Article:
By the Financial Times ( Financial Times) -- U.S. states are poised to privatize scores of prisons as they try to close budget deficits, creating significant new markets for the industry's biggest private contractors.
In Florida alone, 29 state prisons are due to be privatised -- the largest prison privatization program in U.S. history, says Tobey Sommer, an analyst covering the private prison market at SunTrust Robinson Humphrey, an investment bank based in Atlanta.
Arizona recently finished public hearings on a plan to add thousands of privately operated prison beds. And in Ohio last month two companies won contracts worth $200 million to run five of the state's 32 correction facilities. Other states are expected to follow as private contractors pitch themselves as a solution to cash-strapped states' fiscal woes.
The Ohio and Florida plans have a new twist that Sommer believes could be copied by other states hoping to streamline their budgets. Instead of outsourcing only newly built prisons, they plan to outsource existing beds as well. "This may be a blueprint to close other states' budget gaps" Sommer said.
The Florida Department of Corrections has until the end of the year to complete the process and private operators must guarantee cost cuts of 7 per cent or more. Proponents say it will save the state $22 million a year.
"Probably 5% of prisons in [Florida] are currently privatized," said JD Alexander, a Republican senator in the state, who has been the major advocate of the scheme. "This expansion of privatization will bring it to one-third," he added.
But not all agree. "It simply does not save money," said John Rivera, president of the Police Benevolent Association, which represents the state's correction officers and opposes privatization. "They told legislators and the community that they would save millions per year and now they are already $25 million over budget."
In the 20 years to 2007, the national prison population trebled to 1.6 million people, with 9% in private facilities. On average, it costs about $25,000 a year -- though some states average up to $45,000 -- to keep an inmate housed. But debate persists over how much privatization actually saves.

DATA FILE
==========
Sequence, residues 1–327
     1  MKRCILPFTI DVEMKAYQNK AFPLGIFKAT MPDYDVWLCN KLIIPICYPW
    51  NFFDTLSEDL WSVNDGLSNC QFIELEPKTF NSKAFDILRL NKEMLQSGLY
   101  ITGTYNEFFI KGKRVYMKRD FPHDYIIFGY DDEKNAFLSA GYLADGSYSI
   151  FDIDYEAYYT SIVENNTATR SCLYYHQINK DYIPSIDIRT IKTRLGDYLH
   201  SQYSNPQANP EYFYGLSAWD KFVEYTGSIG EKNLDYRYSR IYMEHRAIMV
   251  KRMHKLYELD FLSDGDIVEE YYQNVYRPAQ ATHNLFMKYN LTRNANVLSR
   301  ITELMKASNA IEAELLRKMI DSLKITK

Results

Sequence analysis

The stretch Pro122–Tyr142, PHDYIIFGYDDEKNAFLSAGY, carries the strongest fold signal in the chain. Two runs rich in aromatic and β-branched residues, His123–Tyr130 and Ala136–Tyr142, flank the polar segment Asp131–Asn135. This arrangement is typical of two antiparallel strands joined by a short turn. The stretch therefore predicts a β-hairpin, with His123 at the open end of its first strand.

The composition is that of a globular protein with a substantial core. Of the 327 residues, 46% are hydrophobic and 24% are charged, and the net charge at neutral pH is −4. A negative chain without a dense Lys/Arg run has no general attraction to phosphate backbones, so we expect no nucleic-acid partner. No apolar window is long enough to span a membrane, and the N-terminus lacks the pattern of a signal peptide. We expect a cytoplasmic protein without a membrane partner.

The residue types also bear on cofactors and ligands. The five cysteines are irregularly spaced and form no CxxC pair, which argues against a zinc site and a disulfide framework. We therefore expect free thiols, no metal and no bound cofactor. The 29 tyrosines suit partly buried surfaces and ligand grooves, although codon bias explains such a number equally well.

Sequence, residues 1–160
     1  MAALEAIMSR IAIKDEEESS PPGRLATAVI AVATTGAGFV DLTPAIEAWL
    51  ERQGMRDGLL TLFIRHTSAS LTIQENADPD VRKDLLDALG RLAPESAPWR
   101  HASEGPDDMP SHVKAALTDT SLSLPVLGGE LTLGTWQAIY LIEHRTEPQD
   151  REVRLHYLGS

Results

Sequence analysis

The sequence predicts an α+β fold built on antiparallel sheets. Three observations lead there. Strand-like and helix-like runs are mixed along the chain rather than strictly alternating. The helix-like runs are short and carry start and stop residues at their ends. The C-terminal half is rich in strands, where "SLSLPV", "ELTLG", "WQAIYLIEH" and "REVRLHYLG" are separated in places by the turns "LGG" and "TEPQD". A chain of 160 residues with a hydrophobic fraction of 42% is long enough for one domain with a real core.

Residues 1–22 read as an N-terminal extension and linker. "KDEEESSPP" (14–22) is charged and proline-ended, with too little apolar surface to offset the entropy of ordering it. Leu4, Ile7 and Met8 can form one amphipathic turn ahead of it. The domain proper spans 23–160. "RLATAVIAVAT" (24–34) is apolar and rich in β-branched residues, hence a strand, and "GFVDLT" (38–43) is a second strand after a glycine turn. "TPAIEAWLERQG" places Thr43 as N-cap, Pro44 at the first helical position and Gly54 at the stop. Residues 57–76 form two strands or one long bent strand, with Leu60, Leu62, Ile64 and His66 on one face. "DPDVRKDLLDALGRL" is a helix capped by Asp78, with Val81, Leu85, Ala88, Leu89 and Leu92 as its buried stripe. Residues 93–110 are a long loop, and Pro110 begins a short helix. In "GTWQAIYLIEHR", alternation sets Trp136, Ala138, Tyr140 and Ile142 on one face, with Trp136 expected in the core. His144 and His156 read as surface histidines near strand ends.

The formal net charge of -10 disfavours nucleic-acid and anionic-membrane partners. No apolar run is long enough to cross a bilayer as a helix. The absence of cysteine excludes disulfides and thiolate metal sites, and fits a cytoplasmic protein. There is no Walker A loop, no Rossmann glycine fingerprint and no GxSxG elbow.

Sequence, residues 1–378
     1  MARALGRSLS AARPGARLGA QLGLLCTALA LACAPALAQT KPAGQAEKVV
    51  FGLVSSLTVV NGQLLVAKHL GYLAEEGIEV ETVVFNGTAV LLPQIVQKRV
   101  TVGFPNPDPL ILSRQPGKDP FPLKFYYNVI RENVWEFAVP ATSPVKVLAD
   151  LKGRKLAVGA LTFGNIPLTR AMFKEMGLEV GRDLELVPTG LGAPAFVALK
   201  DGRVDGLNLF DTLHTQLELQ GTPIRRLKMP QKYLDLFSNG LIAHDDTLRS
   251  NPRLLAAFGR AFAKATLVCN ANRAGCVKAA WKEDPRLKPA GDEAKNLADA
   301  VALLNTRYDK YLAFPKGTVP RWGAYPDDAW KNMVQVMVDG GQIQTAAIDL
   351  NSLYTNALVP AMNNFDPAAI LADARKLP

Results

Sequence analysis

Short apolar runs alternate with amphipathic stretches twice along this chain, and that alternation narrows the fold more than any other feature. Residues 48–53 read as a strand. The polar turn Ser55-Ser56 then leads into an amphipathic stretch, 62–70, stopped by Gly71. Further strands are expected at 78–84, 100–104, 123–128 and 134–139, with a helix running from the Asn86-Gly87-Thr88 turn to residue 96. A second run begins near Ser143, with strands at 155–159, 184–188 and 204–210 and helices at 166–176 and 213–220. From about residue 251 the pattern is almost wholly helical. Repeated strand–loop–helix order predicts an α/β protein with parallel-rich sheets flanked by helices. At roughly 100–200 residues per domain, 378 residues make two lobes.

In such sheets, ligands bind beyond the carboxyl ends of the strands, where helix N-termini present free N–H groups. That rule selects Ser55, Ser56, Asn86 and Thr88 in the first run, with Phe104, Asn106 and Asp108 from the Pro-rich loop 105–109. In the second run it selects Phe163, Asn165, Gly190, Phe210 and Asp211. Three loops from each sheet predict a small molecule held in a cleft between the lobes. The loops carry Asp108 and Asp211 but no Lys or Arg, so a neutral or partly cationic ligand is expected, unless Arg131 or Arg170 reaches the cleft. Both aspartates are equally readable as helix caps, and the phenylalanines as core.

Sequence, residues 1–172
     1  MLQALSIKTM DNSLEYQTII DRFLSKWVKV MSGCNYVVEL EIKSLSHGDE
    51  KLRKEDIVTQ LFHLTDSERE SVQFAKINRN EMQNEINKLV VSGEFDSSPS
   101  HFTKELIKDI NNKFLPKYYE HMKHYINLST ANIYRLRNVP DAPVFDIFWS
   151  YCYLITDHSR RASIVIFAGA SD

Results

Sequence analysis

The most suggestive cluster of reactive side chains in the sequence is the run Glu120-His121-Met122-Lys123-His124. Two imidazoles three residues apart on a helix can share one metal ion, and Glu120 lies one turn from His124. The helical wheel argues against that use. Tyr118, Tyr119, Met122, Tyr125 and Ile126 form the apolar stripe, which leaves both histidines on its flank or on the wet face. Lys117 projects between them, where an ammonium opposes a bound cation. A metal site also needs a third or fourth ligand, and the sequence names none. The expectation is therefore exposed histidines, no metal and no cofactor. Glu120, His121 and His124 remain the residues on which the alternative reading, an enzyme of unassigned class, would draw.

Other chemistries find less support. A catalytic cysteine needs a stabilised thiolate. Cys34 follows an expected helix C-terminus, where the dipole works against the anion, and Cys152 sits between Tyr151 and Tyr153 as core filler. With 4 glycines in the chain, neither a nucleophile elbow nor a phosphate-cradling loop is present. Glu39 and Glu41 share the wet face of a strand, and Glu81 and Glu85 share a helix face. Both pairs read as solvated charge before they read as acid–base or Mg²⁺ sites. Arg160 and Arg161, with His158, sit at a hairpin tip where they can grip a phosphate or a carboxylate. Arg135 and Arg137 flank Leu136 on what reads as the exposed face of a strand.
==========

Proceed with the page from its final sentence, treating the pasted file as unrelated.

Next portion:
E-mails from the Florida Department of Corrections' chief deputy secretary identify $25 million in losses that the state would incur from compensation paid to 3,800 workers if they lose their jobs.
Alexander, however, points to Texas, a state with a high number of private prisons, as evidence that a lower cost per inmate can be achieved. Proponents argue that private companies can run prisons more cheaply by cutting workers' wages and benefits.
But some analysts disagree, saying any savings are mitigated by higher employee turnover and more lawsuits because of a lack of sovereign immunity.
"The claim that private corporations can do same job more cheaply and still generate profits for stockholders is pretty implausible," said David Fathi, director of the national prison project for the American Civil Liberties Union.
Two companies dominate the private prison sector: Corrections Corporation of Americaand GEO Group. In August 2010, Geo bought the third public company that operated in the market, Cornell, for $730 million in stock and cash, creating a "duopoly". Neither company would comment.
Private prisons' star has risen over the past three decades as the war on drugs, which began in the 1980s, saw the introduction of mandatory minimum sentencing.
At the same time, private companies have pushed further into state prisons from their strong position in the federal system. They began by soliciting speculative prison building projects at the county level, creating what has become known as the "prison bubble". The bubble has now burst. Incarceration rates have not been increasing as fast over the past five years, and in 2010 fell for the first time in 20 years.
But private prison corporations are still trying to expand the market for their services, and have been buoyed by developments in Florida.
"They are sophisticated in their efforts to generate business," said Fathi. "The overwhelming cause is fiscal crisis. States are realising money is finite, and spending $40,000 a year on each prisoner is very expensive, stuff you won't have for teachers and schools, for example."